Ganna and Evenepoel were both trailed by team cars carrying several spares as they finished first and second in Monday's Tirreno-Adriatico time trial. As reported by Cyclingnews this week, increasing the surface area of a following team car increases the aerodynamic advantage gained by the rider.
At the start of Wednesday's Tirreno-Adriatico stage, Cyclingnews asked Dowsett, one of the world's leading time trialists and keenest pursuers of aerodynamic gains – who was followed by a single spare bike on Monday – for his take on the matter.
"I just think they must have some prototype tyres that have a high chance of puncturing, so they need 10 bikes in case there's a puncture. Obviously that's the reason for so many bikes on the roof racks," Dowsett said, before making clear: "That's a joke obviously."
Dowsett's true feelings are less clear but he did suggest the practise raises several questions relating to fair play, and he twice used the term 'grey area'.
Team cars are supposed to stay at least 10 metres behind a rider but there is no UCI rule dictating the number of spare bikes permitted on a team car during a time trial.
"It's in the grey [area] – the grey being the line between what's in the spirit of fair play and what's in the UCI rule book," Dowsett stated.
"If there's not a rule against it, then it's not cheating," he added. "We understand so much about aerodynamics now that we see these things and obviously the press and social media bring these things to light.
"A skinsuit is an aerodynamic gain that's making the rider faster, whereas a push from behind... Is that in the spirit of fair play? There's just a lot of questions that come from it."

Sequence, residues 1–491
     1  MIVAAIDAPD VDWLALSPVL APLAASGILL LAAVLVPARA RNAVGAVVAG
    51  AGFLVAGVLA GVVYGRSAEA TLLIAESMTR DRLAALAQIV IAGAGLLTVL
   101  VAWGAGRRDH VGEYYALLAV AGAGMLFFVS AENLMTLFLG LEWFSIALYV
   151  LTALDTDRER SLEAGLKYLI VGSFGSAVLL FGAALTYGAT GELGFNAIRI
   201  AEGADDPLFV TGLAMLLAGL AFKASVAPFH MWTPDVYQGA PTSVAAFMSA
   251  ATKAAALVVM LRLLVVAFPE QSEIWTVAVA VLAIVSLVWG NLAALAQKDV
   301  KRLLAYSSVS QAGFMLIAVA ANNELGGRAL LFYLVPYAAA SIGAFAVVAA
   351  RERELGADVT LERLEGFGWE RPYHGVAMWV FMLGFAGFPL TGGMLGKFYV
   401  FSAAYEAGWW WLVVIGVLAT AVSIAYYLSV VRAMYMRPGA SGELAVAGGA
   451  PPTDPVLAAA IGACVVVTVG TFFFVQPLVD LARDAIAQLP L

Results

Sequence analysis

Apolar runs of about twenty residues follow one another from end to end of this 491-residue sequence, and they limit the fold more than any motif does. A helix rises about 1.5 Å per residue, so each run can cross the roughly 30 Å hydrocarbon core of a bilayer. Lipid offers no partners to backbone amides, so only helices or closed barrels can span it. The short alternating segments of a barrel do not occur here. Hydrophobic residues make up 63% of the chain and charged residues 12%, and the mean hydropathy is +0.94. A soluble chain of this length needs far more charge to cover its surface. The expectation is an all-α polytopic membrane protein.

Part of that question revolves around how much of a gain there is to be had. Belgian scientist Bert Blocken has calculated that a car following at 10 metres offers a drag reduction of about 0.23 per cent, translating to 0.078 seconds per kilometre.
Ineos Grenadiers apparently believe there's some value, with Ganna – but not other riders, even GC leaders – trailed by stacked cars in three of his four time trials this year and on the final day of last year's Giro d'Italia.
"It's not something you can feel," Dowsett said. "You'd still be pushing air. Nothing would change from what's being pushed in front of you. Your power wouldn't change, you might look down and be like 'oh I'm doing 55kph instead of 54, but it wouldn't be something you'd notice."
Likewise, Dowsett acknowledged that Ganna is so dominant as to render those gains almost irrelevant, but he did still suggest the practice of stacking cars raised ethical questions.
"Cycling teams are a business. There's a set of rules and it's like 'ok this isn't breaking the rules so we do it'. But actually, when it all comes to light, does it discredit the rider?" he pondered
"Because it's like, 'well did you win because you had the push?' Ultimately, with the gaps Ganna can produce to second place, he doesn't need that kind of external influence. No one actually knows the gain.
"If they're sitting 10 metres behind, maybe it's a fraction of a percentage gain. If it's 30 metres, maybe it's a zero per cent gain. It's in the grey."
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Deputy Editor - Europe. Patrick is an NCTJ-trained journalist who has seven years’ experience covering professional cycling. He has a modern languages degree from Durham University and has been able to put it to some use in what is a multi-lingual sport, with a particular focus on French and Spanish-speaking riders. After joining Cyclingnews as a staff writer on the back of work experience, Patrick became Features Editor in 2018 and oversaw significant growth in the site’s long-form and in-depth output. Since 2021 he has been Deputy Editor - Europe, taking more responsibility for the site’s content as a whole, while still writing and - despite a pandemic-induced hiatus - travelling to races around the world. Away from cycling, Patrick spends most of his time playing or watching other forms of sport - football, tennis, trail running, darts, to name a few, but he draws the line at rugby.